Thing is, this new set of meds has caused some pretty significant side effects for a couple of people I know with myeloma. We’ll have to keep a close watch on symptoms, especially those related to peripheral neuropathy. Can’t say I’m looking forward to the new meds but then again, I’m not too sure what the alternatives would be. I’ve sometimes thought about what would happen if I turned down any and all chemo. I know that there are drugs that are more palliative than chemo and I seriously wonder how many more years of good quality life I could get out of benign neglect rather than with aggressive intervention. These are just things I think about late at night when I’m falling asleep along with visualizing my death bed.
I’ve been reading Barbara Ehrenreich’s book Natural Causes. She’s a couple of years older than me and had a malignant tumour removed from a breast some time ago. She’s fit, she’s healthy but she also writes that: “I gradually came to realize that I was old enough to die.” She means that she’s had a good life, a fulfilling life, which is much more than is afforded many of us. She notes that the military considers eighteen year olds old enough to die and that there is no ‘best before date’ stamped on our asses. Some political leaders lead well into their eighties and nineties. That said, there is a time, when we reach seventy or so years of age when our obituary is likely to read “died of natural causes” than anything else. At a certain age, she argues, there is no need for an explanation for dying. It’s okay to die. Of course we should expect to die. Dying is as natural as being born although we generally consider it a travesty and a high order insult to life. I visualize myself dying, but I’m not convinced that the visualization can ever be very accurate. The closest I can come to visualizing the end of my life is when I’ve had a general anesthetic. Under a general anesthetic, the first drug they administer puts one under, makes one unconscious. If that’s the way I’m going to go, I can live with that. I watched as they put our last dog Wilco down a year ago August. First the sedative, then the lethal dose of whatever it is that kills. That kind of end would be fine with me. If I have to do it, and I don’t see any way out, this is what works for me.
Pain is an entirely other matter. I’ve had too much of that in my life and I don’t want to die under a heavy blanket of pain. Some pain would be alright, but nothing overwhelming. No pain would be the best, but that’s asking a lot of this aging, crumbling body to deliver. So, I’m willing to compromise and accept some pain when my dying time comes. I watched my mother as she lay dying in her nursing home bed almost two years ago now. She had Alzheimer’s and was unable to communicate at all verbally. She did communicate her pain, however. She was under high doses of morphine but we could tell when the morphine would wear off because she would get more and more agitated. I have no idea what she was experiencing, but I have the strong sense that it wasn’t at all pleasant. I was not there in her room when she actually took her last breath but as my sister recalls it, it was all fairly anti-climactic. Chances are very good that I won’t follow my mother’s example in death. For one thing, with myeloma I’m not likely to live long enough, and for another thing, I’ll probably still be sentient and able to make some decisions myself about my own death, unlike what happened to my mother. My mother was a very fine mother, cheeky as all get out sometimes and able to maintain a sense of humour before some pretty daunting odds at times. Dementia robbed her of end of life quality of life. That’s a shame. One of my sisters died a few years ago. She was four years older then me and had lung cancer. She was sentient for most of the time or her dying, but I wasn’t there when she finally gave up her last breath. I was a ferry ride away and unable to make it. She died a half hour before I got to the hospice centre where she ‘lived’. I know one thing for sure. She was pumped full of morphine for some time before she died and that effectively shut down her ability to decide anything.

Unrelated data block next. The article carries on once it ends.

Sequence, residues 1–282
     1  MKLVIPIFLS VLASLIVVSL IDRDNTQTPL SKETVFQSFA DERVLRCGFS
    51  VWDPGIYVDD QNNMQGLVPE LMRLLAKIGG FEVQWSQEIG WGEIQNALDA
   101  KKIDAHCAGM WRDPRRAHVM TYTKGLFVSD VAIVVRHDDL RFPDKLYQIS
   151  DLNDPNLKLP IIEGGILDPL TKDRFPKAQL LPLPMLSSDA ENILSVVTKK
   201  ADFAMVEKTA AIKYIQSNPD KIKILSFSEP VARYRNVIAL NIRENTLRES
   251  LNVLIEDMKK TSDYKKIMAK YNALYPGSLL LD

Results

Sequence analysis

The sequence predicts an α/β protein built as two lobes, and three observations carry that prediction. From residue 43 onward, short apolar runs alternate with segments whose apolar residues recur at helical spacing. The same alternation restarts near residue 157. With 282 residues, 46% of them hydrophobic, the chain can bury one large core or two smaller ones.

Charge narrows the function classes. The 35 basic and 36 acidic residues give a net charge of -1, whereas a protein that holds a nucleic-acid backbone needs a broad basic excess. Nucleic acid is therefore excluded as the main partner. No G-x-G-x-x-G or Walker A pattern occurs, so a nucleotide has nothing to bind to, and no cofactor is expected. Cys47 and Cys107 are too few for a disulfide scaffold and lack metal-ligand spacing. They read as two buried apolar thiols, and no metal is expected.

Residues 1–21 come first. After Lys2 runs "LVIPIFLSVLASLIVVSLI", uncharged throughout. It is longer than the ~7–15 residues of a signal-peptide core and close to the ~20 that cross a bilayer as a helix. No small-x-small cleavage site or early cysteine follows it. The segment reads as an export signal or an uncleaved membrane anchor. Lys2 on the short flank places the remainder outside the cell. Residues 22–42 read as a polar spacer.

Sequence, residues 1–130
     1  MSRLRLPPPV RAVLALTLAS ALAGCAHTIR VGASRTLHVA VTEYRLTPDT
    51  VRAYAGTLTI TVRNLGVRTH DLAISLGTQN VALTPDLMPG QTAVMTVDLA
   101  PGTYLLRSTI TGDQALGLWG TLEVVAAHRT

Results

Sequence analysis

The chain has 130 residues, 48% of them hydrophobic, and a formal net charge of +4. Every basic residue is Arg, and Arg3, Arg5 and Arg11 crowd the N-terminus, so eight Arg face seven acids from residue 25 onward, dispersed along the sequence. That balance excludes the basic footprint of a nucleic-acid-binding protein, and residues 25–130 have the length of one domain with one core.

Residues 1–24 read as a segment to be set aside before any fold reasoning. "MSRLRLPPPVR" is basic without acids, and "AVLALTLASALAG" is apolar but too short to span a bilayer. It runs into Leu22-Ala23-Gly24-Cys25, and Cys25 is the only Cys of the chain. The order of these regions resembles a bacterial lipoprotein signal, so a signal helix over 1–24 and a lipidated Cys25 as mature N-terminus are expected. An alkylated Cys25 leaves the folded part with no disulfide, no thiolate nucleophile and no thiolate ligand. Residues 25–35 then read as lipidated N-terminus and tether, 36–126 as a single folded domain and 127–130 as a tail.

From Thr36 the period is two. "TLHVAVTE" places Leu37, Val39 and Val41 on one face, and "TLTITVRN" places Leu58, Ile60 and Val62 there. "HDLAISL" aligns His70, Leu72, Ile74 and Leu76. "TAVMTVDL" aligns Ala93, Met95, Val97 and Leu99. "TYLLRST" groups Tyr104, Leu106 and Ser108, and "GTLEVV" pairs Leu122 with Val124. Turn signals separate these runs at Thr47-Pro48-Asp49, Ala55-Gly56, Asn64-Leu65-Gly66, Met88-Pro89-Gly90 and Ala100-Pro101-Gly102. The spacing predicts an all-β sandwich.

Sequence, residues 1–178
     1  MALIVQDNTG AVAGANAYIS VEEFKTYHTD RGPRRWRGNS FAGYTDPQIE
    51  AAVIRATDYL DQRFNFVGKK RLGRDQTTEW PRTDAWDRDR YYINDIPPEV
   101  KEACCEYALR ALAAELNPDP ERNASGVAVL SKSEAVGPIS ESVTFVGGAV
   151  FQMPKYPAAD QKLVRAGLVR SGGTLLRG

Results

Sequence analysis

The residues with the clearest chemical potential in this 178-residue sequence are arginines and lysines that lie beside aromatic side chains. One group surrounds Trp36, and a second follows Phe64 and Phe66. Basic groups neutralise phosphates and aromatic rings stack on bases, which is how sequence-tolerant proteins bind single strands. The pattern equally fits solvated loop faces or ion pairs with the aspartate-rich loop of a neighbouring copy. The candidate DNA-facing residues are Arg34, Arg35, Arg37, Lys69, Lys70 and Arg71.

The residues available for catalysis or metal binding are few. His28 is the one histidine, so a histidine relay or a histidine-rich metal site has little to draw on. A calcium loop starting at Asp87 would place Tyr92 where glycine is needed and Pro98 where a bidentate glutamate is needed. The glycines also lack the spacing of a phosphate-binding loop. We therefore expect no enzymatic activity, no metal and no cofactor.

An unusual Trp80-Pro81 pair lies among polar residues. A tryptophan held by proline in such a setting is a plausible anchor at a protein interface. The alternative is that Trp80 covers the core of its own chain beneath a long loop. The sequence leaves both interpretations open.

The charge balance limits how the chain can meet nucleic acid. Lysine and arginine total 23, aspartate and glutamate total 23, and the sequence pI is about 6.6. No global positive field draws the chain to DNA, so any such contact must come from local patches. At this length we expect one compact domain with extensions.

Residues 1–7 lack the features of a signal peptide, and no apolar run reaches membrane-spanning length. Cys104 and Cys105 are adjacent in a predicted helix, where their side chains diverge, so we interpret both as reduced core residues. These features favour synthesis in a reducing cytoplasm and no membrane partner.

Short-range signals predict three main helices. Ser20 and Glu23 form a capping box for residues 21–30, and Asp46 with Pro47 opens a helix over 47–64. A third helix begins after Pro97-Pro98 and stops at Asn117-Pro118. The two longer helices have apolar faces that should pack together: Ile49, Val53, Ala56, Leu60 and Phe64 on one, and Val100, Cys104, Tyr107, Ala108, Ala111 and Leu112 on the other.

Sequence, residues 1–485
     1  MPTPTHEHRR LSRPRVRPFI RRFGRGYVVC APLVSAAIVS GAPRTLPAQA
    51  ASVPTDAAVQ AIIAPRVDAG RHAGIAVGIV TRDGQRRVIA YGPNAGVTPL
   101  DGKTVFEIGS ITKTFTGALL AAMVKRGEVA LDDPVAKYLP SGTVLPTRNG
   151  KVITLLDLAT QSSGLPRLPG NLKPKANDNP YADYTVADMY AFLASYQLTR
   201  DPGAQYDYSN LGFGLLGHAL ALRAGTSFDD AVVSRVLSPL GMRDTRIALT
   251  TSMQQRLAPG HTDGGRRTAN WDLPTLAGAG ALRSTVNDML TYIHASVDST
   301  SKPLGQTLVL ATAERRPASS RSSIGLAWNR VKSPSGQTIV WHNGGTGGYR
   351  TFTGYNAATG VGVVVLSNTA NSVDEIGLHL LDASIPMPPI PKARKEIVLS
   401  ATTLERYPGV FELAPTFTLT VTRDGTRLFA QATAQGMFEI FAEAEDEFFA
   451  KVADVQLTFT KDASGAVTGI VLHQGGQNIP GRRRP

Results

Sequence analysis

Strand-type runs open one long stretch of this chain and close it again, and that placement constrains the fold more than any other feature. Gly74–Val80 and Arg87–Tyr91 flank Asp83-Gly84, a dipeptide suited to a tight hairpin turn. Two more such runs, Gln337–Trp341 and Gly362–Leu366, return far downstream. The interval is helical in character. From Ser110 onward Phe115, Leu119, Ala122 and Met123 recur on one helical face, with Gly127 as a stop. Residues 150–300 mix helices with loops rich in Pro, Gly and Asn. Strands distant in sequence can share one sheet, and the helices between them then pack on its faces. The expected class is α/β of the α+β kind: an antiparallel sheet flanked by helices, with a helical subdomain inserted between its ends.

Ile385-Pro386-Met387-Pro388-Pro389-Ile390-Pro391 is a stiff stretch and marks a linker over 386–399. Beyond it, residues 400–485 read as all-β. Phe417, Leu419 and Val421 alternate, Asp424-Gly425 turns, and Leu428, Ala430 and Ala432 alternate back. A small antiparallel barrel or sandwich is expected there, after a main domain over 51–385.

Lately I’ve been experimenting a little with my pain meds. I’m on a large dose of hydromorphone (not related to morphine- a lot stronger, actually) taking two 1mg pills every four hours. I tried to back off some and take a lower dose every four hours for a day. I felt I could probably manage that because my pain was pretty much under control. Mistake! My pain is under control because I’m taking shitloads of hydromorphone. When I tried to back off, pain started to come back in my neck, ribs, right pelvic area, legs and shoulders. I knew that if I didn’t resume my twelve mg pill load a day that I would soon be completely incapacitated and bedridden. The decision was a no-brainer, but I was hoping for a better outcome.
One of the issues, of course, is that I haven’t really started treatments yet for multiple myeloma. I’ve been diagnosed and all that, but I haven’t had any chemotherapy to mitigate the effects of the disease, so it may be that in a few weeks or months and I go into remission that I’ll be able to back off my pain meds successfully. Wow, that would be cool. For now, I’ll continue ingesting lots of hydromorphone and maybe indulge in a beer or two, maybe even a tiny bit of scotch. It’s okay, all my specialists say a couple of beer are ok. I didn’t ask them about the scotch.